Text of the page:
Michael Gerson’s argument for supporting the Syria resolution is characteristically terrible:

Legislators are not arguing between preferred policy options, as they would on issues such as health care or welfare. They are deciding if they will send the chief executive into the world with his hands tied behind his back [bold mine-DL]. This would be more than the repudiation of the current president; it would be the dangerous weakening of the presidency.

Insofar as the ability of future presidents to wage wars of choice on their own authority would be limited or even slightly constrained by a no vote from Congress, that would be a welcome and very desirable outcome. Gerson is drawing attention to one of the possible benefits of the resolution’s defeat. Even so, the president would retain enormous latitude in the conduct of foreign policy, and he would he hardly have his “hands tied behind his back.” It is laughably false to claim that the president’s ability to conduct foreign policy or his role as commander-in-chief of the armed forces would be seriously impaired, and it could hardly be dangerous for the powers of the presidency to be restrained after growing virtually unchecked over the last forty years.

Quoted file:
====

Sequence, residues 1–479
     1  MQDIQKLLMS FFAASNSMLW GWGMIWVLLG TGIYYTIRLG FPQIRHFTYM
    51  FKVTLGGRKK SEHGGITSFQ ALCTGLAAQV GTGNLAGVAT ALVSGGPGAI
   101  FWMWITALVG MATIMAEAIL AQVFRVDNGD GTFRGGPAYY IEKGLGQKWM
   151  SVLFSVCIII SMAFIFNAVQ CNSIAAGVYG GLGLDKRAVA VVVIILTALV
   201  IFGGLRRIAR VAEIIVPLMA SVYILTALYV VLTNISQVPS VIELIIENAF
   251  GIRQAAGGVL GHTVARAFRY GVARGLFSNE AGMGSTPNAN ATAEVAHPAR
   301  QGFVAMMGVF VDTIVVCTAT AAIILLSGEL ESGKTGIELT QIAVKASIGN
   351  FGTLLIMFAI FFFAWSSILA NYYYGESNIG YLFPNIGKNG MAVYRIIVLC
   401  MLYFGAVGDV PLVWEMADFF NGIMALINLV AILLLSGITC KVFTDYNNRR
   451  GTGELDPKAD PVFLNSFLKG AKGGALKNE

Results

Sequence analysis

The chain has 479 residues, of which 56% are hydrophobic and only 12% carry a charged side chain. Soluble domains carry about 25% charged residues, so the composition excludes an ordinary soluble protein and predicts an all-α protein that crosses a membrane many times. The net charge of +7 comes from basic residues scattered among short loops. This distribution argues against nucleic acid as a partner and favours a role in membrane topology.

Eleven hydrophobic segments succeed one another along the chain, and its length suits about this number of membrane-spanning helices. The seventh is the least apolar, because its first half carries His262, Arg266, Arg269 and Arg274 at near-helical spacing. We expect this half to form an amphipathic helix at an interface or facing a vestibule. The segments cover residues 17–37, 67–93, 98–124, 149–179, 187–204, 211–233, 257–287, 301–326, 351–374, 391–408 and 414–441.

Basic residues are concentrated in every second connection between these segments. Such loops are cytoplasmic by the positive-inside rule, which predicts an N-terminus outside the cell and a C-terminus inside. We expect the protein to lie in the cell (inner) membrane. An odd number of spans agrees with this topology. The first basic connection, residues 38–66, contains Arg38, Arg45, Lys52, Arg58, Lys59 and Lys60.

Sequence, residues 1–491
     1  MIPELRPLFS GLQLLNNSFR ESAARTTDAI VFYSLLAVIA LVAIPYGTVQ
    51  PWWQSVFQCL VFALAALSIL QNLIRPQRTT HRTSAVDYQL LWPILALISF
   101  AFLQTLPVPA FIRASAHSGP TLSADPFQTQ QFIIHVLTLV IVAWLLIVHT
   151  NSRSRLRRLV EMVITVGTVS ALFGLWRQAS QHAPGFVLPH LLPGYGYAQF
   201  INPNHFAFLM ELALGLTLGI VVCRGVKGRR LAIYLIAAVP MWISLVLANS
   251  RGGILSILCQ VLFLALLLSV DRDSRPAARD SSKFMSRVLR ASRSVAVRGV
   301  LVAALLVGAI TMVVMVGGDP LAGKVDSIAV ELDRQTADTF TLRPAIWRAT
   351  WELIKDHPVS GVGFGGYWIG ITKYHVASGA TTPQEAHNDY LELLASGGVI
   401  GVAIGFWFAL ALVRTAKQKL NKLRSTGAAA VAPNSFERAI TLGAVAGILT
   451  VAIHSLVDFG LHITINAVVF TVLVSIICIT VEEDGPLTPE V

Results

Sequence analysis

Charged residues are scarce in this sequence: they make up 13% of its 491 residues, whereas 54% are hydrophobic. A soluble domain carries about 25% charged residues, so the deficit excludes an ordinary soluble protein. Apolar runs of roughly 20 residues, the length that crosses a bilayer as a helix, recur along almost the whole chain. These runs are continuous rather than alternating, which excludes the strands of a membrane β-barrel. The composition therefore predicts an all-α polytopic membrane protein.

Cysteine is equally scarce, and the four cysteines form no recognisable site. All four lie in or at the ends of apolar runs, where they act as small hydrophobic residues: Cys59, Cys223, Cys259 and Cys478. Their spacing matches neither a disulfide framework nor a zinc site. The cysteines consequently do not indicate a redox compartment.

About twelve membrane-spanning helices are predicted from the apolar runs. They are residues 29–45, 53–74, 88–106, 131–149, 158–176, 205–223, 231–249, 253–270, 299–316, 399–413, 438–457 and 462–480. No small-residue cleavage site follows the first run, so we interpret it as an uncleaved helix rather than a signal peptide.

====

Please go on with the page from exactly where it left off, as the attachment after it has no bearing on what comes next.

Gerson’s argument is an attempt to blackmail members of Congress by claiming that they will inflict massive institutional damage simply by carrying out their own constitutional responsibilities and by reaching a conclusion different from the one Gerson wants. It is a fairly desperate move, and it is the sort of argument that should make more members of Congress recoil from what they are being asked to support. Gerson is horrified that Congress might actually vote down unnecessary and deeply unpopular military action, which speaks volumes about his priorities. Americans should not be afraid to let their representatives do the work they were elected to do by speaking and voting on behalf of their constituents. In this case, that obviously means voting down the resolution, and that is what I hope most members will do when it comes up for a vote later this month.

There is no way to know what long-term effect the defeat of the Syria resolution might have on the actions of future presidents, and it is even less certain how other governments would interpret a Congressional rejection of the resolution. It is always possible that other presidents will view this episode as proof that going to Congress is an avoidable risk that they won’t want to take, in which case it will result in the opposite of what many opponents of the resolution prefer. On the other hand, some may take it as a reminder that presidents should not propose taking military action without having a much stronger case for doing so than Obama has, and that could make future administrations more reluctant to wage unnecessary wars.